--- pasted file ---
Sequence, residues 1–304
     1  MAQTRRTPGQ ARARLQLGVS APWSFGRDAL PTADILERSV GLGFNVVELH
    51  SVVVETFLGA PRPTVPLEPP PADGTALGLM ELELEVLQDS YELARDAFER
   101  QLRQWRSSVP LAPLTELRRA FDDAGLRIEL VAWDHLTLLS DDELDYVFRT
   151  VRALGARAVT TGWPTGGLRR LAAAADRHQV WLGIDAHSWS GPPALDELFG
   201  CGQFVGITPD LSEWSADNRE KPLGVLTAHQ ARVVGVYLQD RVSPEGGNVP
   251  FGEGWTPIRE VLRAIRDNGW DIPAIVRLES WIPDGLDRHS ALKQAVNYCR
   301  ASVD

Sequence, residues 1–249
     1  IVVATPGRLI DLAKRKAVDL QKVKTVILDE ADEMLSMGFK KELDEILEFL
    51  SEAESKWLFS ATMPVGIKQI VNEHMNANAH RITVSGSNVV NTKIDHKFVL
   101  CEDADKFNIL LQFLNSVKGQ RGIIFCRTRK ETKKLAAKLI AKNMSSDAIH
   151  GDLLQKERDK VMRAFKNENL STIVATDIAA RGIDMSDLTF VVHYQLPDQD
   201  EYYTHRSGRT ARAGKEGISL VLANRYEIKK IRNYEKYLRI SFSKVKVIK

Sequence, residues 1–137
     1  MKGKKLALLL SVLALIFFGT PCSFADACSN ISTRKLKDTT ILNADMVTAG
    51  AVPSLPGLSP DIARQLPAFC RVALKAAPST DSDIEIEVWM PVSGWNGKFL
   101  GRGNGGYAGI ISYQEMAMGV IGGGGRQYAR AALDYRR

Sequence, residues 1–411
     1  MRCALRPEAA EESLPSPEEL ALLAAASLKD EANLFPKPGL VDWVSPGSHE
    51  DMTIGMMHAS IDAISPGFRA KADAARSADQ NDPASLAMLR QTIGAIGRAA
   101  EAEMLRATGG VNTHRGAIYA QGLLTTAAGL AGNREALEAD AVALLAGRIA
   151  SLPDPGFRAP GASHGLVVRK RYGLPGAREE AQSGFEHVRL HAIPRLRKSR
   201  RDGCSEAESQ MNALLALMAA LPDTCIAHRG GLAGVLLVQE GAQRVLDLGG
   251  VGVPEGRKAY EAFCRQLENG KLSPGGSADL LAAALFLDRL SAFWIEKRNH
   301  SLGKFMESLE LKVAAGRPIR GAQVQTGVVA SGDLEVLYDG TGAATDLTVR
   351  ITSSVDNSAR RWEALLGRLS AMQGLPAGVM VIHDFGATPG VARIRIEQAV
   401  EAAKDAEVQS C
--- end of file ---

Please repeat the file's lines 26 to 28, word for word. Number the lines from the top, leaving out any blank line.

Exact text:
   301  SLGKFMESLE LKVAAGRPIR GAQVQTGVVA SGDLEVLYDG TGAATDLTVR
   351  ITSSVDNSAR RWEALLGRLS AMQGLPAGVM VIHDFGATPG VARIRIEQAV
   401  EAAKDAEVQS C